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10KW PV. 100+% ROI before I turned it on!

thrifttrust | Posted in General Questions on

This isn’t a question but I feel close to the GBA community and wanted to share. I commissioned my 10KW photo voltaic system a week ago. It being fall in Michigan so far I’ve consumed significantly more power than I’ve produced. This condition should persist until Lake Michigan cools around February, but with net metering, next winter I should be golden.  A year ago the utilities applied to end net metering but promised existing installations a ten year grace period. I got my net metering approval in time. My hip roofed house has poor solar potential so I built a 28′ X 14′ 1 1/2 story shed in back. A 10 in 12 roof pitch closely matched the recommended solar angle for my region.  20′ rafters and modest overhangs provided the necessary 20′ X 30′ area for 27 72 cell solar panels. 27 X 370W equals 9990W.

 

Marten almost convinced me that this was overkill. I scaled back my plan to 24 60 cell panels, but first I had to convince my electricity provider that I can use the power I produced. Eventually the house will get a energy retrofit with mini splits, but for now it’s heated with gas. Hot water was provided by a gas tankless. To boost my consumption I installed a used 30 gal electric water heater in series with the tankless, then turned off the gas unit. This is fine for our two person household but I when guests arrive I can turn the tankless back on for endless hot water. This provided nowhere near enough power increase to justify my proposed solar installation so we bought an off-lease 2015 Chevy Volt. I was surprised that our electric consumption more than doubled. I applied for and won a net metering contract for the 9990W system.

 

Utilities are notorious for being difficult to deal with, but DET Energy was anything but. Our power line was illegally close to the shed roof so we had it placed underground. I had them leave the last 20′ of the trench unfilled so we could put our solar cables in as well. DTE was responsive and courteous. At $390 I consider it a bargain. The co-generation application process is complex and really geared toward commercial installations. However, they provide a phone number for help. Someone always answered. By the time I was ready to turn the system on I only had a month before I’d lose my contract. In spite of the glut of people trying to beat the net metering and Federal tax credit deadlines they worked assiduously to accommodate their customers. They gave me the go-ahead with weeks to spare. The city was equally responsive. The code was written mostly with single inverter systems in mind so the requirements for microinverter systems are vague. Plus, PV systems are rare here so the inspectors are not fully up to speed. This was also my electrician’s first system. He brought and laid out the code manual to the inspection. It was fun to watch him and the inspector discuss and figure out which and where to put the various warning stickers.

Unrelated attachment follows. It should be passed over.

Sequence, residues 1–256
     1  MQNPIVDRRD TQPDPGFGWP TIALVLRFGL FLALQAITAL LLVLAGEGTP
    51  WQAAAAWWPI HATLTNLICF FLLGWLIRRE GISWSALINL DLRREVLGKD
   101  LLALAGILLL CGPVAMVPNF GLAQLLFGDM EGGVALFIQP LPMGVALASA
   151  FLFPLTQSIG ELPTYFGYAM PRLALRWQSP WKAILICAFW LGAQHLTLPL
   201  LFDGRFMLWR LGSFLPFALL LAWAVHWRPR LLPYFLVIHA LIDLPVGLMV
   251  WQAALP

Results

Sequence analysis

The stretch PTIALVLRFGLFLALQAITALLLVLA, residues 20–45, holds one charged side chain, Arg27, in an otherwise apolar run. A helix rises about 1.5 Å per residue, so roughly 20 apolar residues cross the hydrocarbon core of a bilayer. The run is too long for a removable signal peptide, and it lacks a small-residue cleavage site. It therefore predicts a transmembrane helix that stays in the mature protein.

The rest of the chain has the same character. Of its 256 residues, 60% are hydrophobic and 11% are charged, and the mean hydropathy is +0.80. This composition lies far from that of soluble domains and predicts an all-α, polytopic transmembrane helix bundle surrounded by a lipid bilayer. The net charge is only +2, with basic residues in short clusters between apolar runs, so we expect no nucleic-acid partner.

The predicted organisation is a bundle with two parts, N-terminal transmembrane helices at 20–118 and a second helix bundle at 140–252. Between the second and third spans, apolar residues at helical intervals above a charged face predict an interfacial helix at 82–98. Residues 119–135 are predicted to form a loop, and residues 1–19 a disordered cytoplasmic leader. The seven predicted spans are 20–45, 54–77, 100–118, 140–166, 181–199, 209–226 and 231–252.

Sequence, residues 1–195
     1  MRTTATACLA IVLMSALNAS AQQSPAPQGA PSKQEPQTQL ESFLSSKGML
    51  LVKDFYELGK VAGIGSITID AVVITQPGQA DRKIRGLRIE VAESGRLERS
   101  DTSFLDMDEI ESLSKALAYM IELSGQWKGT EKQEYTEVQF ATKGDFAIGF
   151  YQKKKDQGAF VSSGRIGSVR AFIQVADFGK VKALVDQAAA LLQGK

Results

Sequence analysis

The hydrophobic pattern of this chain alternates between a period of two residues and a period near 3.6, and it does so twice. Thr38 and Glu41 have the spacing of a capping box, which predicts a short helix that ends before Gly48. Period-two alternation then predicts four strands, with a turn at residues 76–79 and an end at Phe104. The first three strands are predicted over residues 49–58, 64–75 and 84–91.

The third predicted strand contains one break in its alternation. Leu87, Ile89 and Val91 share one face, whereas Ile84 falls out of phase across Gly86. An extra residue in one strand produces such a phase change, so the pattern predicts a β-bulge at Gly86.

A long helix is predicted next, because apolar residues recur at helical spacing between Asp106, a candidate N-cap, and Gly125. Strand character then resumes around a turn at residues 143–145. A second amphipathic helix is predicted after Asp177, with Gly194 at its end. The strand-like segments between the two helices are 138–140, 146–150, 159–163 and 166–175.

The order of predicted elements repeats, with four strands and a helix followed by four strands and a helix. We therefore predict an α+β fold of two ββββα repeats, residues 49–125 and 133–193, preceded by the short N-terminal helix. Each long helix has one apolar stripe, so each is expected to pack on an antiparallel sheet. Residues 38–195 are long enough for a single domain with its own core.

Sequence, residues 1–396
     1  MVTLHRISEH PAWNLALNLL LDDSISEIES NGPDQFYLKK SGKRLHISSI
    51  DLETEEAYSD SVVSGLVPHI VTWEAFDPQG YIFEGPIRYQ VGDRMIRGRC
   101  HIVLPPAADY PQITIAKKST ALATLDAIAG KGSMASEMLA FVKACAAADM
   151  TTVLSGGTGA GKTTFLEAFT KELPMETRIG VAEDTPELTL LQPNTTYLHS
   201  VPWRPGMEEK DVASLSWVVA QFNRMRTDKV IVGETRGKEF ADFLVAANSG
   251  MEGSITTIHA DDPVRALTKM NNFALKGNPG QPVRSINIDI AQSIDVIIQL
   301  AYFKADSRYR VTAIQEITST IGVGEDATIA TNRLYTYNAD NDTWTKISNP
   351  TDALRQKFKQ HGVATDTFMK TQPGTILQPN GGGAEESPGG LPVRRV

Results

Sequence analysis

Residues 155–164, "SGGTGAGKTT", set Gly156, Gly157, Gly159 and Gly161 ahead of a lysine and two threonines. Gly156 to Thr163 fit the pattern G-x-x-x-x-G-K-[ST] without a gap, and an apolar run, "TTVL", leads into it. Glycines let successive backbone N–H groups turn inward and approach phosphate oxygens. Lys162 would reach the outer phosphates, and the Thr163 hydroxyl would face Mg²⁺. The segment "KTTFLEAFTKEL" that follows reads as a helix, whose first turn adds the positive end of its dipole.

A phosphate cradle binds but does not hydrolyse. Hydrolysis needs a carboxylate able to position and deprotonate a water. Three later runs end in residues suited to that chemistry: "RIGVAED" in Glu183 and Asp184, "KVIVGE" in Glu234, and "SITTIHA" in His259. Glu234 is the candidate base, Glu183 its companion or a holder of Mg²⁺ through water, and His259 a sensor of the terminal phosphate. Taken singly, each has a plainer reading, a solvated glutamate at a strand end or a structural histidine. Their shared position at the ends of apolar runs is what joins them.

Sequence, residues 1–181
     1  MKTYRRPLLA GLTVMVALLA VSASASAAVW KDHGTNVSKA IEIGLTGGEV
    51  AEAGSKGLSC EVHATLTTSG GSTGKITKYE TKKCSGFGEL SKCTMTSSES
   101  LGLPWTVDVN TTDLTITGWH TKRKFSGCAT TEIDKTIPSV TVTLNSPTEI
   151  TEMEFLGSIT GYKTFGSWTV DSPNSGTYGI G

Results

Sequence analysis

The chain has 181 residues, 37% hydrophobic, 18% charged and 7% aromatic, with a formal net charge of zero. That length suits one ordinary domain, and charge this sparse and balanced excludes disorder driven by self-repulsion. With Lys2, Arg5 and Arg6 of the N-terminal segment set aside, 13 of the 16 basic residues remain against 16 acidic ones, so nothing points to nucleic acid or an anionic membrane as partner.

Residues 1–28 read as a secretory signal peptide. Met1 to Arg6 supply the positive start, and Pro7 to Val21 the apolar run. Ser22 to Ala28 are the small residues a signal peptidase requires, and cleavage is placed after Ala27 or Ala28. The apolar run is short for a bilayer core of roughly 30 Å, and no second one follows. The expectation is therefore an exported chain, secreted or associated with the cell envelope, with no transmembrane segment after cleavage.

So why was my system free? Two years ago when I first began research I quickly decided I wanted a microinverter system. I liked the shade tolerance and the inherent safety of no of high voltage DC lines, and that the system completely shuts down if grid power is lost. As far as wiring the array, everything is standard 220 VAC. The only additional components are a roof mounted fusebox that combines 3 20A microinverter strings into one 60A circuit and a shutoff switch near the meter. (Some states don’t even require that.) If system monitoring is desired a device is installed that talks to the microinverters individually. It communicates through the power line and a current transformer on one of the array power lines. It connects to the manufacturer through wifi. I installed mine near the electrical load center so it could monitor my total electrical production/consumption via optional current transformers on the main. As far as I know Enphase is the only company in the USA making such a system. I checked them out and was impressed with their products, support and stated company goals. I looked into their stock and it was trading at $1 a share. I bought a thousand. In spite of a big drop recently I’ve still made enough to more than cover the cost of my system. My next goal: buy a used Tesla Model Y and pay for it with my Tesla stock 😉

Douglas Higden

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Replies

  1. Expert Member
    Zephyr7 | | #1

    The volts will use about 12kWh to fully recharge their battery, and you may be adding that much every day if you drive a lot. It adds up! I’ve had a 2012 model since the end of 2011. The newer volts with more battery range probably use More kwh for a full recharge due to having more range.

    You’re in an interesting situation if net metering ends. You could potentially play with using multiple electric water heaters as a battery, heating that water with your excess solar capacity during the day and helping to heat your house at night. Might be something to think about.

    For anyone else: the end of net metering doesn’t mean solar systems aren’t possible, it’s just that the payoff schedule becomes more difficult. You end up needing to either downsize your system to near your daytime load, or do creative things to store any excess power. The end of net metering just means your home can’t get into negative load territory where you produce more power than you consume. You can still use solar systems to “cancel out” your daytime load.